« VorigeDoorgaan »
THE REV. JOSEPH BELLAMY, D. D.
LATE OF BETHLEM, CONNECTICUT.
IN THREE VOLUMES.
PUBLISHED BY STEPHEN DODGE.
PRINTED BY J. SEYMOUR, NO. 49, JOHN-STREET.
CONTENTS OF VOLUME III.
and the doctrine of an external graceless covenant, advanced by the
Section I. The nature of Mr. M.'s external covenant, as stated by him-
VII. Whether the Gospel calls fallen men to be reconciled to
X. Mr. M.'s scheme inconsistent with itself,
XL. The extraordinary methods Vir. M. takes to support his
Early Piety recommended; a Discourse on Eccles. xii. 1.
Wherefore the law was our School-Master to bring us unto CHRIST, that we might be justified by faith.
THE chief design of the present discourse is to give the true sense of this text; which will go far towards leading us into the nature of the Jewish religion, and of the Christian; and help to remove several dangerous mistakes, which mankind have been apt to run into. Now, in order to understand any text of Scripture, we are to consider the various circumstances of the discourse; such as the character of the persons spoken to, the manner how the text is introduced, and for what purpose; that we, seeing the occasion of what is written, and the scope and design of the inspired writer, may the more readily and certainly discern the true sense of the passage. Here, therefore, let us inquire into the character of the persons St. Paul had to deal with; the occasion and design of these words, and how they were introduced in the thread of his argument; and the grounds he saw in the nature of the Mosaic dispensation for this observation, that the law was a school-master to bring us to Christ.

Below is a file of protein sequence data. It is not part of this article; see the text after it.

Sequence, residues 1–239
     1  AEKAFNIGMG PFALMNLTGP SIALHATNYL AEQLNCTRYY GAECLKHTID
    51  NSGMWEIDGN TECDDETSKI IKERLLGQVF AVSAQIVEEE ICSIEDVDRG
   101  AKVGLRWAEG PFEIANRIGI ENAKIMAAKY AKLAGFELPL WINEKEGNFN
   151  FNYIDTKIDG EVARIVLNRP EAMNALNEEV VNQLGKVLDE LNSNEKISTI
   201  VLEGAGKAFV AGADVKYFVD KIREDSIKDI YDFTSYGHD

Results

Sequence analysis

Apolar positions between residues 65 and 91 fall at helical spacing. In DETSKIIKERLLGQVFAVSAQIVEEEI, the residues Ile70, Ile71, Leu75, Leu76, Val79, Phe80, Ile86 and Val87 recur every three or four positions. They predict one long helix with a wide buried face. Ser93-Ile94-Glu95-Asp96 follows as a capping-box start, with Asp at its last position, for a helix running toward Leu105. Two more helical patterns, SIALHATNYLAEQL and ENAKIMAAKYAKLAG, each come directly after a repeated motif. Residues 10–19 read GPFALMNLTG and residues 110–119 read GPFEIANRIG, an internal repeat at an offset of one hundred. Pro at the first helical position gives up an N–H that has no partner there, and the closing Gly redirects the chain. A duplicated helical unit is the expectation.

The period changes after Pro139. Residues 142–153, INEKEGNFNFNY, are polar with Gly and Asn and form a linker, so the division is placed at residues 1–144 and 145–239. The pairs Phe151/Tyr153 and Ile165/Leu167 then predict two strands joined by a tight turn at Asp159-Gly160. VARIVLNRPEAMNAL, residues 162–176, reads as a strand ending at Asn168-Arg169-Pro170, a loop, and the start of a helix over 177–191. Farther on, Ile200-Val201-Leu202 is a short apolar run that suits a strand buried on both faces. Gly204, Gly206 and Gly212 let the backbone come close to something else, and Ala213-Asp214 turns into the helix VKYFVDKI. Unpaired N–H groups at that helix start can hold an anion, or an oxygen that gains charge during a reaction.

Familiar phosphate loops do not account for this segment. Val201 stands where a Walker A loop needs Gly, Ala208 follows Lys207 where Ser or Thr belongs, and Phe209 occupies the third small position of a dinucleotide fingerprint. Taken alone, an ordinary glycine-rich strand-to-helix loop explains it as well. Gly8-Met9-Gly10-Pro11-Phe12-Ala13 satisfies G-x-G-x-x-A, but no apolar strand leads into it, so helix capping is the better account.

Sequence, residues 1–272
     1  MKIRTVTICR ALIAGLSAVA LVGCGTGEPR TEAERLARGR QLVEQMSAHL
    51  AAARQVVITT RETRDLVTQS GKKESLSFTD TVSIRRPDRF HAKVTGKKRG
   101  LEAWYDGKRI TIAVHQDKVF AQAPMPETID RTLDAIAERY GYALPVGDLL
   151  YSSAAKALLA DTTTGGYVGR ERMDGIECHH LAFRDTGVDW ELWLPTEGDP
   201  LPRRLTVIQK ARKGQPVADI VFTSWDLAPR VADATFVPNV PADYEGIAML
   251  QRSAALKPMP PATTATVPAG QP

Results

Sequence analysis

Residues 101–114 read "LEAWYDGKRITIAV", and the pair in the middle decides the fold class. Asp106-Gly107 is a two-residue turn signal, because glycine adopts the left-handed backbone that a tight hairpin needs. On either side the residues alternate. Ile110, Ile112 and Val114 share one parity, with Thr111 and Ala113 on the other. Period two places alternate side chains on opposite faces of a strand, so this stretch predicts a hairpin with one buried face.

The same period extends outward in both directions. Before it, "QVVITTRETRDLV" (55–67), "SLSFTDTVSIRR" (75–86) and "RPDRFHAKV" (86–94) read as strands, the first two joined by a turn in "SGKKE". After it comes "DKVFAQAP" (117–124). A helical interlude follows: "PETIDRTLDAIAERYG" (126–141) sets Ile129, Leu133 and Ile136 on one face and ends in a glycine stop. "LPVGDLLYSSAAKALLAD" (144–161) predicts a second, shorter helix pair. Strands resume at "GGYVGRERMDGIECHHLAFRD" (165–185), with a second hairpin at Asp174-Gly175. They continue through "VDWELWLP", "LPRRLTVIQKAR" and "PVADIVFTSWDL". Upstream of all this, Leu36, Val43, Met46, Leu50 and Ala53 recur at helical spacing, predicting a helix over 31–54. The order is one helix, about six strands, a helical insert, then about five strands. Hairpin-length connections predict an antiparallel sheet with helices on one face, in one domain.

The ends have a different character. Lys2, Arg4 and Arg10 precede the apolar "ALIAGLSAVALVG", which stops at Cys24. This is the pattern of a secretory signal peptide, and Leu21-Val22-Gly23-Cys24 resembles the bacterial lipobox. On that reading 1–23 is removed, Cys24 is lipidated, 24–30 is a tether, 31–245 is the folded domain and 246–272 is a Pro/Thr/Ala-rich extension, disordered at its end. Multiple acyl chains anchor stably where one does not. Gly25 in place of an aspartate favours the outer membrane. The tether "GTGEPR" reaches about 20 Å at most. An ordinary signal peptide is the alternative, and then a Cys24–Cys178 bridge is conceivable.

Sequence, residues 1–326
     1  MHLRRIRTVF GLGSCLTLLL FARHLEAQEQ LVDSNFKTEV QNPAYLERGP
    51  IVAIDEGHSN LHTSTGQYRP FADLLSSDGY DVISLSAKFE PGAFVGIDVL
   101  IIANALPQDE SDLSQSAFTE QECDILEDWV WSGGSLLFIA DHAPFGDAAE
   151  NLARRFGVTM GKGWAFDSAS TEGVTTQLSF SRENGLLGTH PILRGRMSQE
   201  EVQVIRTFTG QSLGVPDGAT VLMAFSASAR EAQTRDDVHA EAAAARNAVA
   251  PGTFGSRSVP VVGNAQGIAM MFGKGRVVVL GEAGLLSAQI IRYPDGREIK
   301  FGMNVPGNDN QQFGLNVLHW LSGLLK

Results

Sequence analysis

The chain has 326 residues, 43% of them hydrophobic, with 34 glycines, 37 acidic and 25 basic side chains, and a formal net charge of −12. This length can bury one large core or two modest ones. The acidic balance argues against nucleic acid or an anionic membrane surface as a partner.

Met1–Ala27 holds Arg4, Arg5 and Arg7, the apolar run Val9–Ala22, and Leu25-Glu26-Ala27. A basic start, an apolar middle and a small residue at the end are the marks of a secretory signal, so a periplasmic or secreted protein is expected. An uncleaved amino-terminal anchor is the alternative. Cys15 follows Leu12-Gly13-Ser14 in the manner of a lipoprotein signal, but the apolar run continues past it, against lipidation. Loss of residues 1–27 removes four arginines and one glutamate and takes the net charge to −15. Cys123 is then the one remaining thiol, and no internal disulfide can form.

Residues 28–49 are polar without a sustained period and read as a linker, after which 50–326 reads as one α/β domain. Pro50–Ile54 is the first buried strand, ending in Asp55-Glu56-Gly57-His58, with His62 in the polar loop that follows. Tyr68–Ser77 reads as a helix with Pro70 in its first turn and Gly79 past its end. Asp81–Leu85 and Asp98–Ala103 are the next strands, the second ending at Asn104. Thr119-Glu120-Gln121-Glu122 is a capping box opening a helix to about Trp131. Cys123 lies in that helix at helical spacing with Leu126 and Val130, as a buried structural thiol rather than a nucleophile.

I. As to the character of the persons St. Paul had to deal with. They, at least the ring-leaders of them, were by birth Jews, by education Pharisees, and now lately converted to Christianity; but yet zealous for some of their old pharisaical notions, fond of making proselytes to their own scheme, a scheme, in the apostle's opinion, subversive of Christianity.
While of the sect of the Pharisees, before their conversion to Christianity, they expected justification wholly by the deeds of the law. (Rom. x. 3.) But now, since their conversion to Christianity, they expected justification by the deeds of the law; and yet it seems not wholly; for they